In certain regions of the USA, it is often used as part of a cover crop mix for improving soil tilth and nutrient cycling for overworked, weedy or eroded fields. Barley scavenges significant amounts of nitrogen, making it an important player in the soil ecosystem’s nitrogen cycle
According to Sustainable Agriculture Research and Education (SARE), “barley is a quick source of abundant biomass that, along with its thick root system, can improve soil structure and water infiltration.” Being so quick to establish itself, barley is an excellent weed suppressor and, according to SARE, a number of studies suggest that barley can reduce the incidence of leafhoppers, aphids, armyworms, root-knot nematodes and other pests.
Increased incidence of prolonged droughts due to climate change poses a severe challenge to South Africa as most of our agricultural production is rain-fed. “The uptake of sustainable technologies and practices are crucial for the continuity of the sector,” writes Inge Kuschke in GreenCape’s “Sustainable Agriculture 2020 Market Intelligence Report”.
Barley has been tested extensively and found to have enormous potential for drought tolerance. With drought-tolerance-related genes and QTLs being identified in species of wild barley, there is great potential for genetic improvement of barley in the face of climate change and continuing drought.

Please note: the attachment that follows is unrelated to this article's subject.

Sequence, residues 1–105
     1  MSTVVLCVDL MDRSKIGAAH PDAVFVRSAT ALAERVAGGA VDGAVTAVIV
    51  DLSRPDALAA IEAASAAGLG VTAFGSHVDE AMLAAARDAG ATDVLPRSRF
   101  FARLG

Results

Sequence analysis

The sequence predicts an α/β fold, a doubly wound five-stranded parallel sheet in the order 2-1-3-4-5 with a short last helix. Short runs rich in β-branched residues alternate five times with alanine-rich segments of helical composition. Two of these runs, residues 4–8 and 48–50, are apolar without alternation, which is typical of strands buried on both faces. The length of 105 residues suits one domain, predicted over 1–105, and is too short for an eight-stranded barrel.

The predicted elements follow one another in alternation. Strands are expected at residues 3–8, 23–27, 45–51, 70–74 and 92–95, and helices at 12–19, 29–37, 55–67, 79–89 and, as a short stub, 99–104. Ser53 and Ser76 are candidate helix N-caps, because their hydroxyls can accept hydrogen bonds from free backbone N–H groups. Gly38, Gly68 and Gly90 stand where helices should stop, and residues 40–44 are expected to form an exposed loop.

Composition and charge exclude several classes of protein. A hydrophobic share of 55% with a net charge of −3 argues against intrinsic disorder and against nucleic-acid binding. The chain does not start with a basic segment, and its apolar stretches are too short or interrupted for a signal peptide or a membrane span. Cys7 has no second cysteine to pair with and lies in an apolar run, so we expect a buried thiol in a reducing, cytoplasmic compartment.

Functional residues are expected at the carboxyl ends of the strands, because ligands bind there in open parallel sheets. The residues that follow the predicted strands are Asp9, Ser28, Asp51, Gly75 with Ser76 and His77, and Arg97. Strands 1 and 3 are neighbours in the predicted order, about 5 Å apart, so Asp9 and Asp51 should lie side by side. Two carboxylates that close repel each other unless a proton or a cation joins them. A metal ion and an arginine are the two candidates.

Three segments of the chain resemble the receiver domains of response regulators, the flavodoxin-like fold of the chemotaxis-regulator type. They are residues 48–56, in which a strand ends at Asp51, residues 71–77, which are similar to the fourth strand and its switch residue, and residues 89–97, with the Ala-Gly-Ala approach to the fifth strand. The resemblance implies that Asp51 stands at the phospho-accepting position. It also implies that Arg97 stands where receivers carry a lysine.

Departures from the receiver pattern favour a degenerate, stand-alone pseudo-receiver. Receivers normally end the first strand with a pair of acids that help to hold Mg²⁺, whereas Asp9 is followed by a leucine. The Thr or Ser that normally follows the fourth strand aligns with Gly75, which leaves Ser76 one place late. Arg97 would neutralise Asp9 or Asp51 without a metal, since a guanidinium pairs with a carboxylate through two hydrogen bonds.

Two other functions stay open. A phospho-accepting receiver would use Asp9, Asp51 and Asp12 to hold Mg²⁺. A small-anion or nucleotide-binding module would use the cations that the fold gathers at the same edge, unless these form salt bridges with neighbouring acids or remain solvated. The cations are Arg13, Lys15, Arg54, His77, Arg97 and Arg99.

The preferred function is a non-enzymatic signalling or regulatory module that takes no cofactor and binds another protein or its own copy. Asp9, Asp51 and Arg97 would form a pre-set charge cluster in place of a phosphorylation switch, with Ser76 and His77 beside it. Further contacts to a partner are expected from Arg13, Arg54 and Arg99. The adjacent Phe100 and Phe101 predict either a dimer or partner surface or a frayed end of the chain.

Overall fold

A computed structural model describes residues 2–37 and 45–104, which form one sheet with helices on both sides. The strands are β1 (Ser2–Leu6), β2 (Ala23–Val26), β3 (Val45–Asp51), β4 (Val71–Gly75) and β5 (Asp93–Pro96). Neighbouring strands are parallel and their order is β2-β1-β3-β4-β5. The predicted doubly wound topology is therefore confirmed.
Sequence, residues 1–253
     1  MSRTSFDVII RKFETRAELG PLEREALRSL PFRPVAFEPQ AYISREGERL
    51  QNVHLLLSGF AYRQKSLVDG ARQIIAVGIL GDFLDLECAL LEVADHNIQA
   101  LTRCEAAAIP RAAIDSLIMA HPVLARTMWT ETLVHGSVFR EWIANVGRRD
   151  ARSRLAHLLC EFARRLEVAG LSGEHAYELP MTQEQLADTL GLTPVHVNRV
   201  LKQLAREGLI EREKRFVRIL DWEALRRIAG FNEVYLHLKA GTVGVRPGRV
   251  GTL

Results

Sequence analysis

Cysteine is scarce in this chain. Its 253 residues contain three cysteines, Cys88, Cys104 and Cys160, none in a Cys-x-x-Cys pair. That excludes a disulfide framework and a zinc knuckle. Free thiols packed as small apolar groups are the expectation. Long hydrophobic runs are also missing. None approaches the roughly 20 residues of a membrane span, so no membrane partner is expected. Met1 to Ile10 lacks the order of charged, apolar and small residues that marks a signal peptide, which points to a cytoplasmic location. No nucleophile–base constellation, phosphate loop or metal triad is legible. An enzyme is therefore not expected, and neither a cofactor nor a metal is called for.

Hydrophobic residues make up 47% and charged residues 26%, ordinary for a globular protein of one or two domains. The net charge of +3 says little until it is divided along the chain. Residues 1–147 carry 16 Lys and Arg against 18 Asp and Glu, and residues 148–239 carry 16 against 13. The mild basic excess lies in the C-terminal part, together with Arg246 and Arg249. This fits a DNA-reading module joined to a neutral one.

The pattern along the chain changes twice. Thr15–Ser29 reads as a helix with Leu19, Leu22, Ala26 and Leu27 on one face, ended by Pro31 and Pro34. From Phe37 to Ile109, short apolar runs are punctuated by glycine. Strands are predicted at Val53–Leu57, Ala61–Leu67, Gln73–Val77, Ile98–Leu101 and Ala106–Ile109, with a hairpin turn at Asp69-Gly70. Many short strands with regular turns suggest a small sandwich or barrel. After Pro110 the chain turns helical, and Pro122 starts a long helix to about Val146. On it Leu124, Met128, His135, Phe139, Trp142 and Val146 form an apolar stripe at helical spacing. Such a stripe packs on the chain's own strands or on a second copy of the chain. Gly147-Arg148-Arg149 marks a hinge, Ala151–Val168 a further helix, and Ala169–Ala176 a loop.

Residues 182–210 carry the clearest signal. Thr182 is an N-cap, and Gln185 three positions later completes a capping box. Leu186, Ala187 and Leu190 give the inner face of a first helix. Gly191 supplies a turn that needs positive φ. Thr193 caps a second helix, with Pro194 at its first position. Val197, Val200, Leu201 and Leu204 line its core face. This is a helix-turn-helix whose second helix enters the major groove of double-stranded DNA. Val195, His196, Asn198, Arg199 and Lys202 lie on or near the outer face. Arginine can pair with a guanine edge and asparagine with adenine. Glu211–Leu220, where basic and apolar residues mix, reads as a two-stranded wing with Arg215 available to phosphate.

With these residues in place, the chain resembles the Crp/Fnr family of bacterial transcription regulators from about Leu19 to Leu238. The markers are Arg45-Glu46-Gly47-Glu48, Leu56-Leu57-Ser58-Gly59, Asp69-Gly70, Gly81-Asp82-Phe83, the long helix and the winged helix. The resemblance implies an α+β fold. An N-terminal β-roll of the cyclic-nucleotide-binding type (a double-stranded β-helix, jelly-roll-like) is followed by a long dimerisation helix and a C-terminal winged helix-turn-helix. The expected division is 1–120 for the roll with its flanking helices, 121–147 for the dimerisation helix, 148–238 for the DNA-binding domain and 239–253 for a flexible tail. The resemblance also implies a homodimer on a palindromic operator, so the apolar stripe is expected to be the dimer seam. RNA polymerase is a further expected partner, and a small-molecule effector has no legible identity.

Barley, with its short growth cycle, is a good option for planting between rotations. In South Africa, it is a hardy winter crop grown in the Southern and Northern Cape, and North West Province that is inexpensive to produce and easy to grow in cool and dry environments. It is clear that it is also a sustainable agriculture champion and in many ways eco-friendly too.
- Xie, W. et al. Decreases in global beer supply due to extreme drought and heat. Nature Plants 4, 964–973 (2018).
- Scotcher JSB 2009. The Green Choice Living Farms Reference 2009/2010 version, A. Goldblatt (ed.). Unpublished report to GreenChoice (a World Wide Fund for Nature and Conservation International partnership).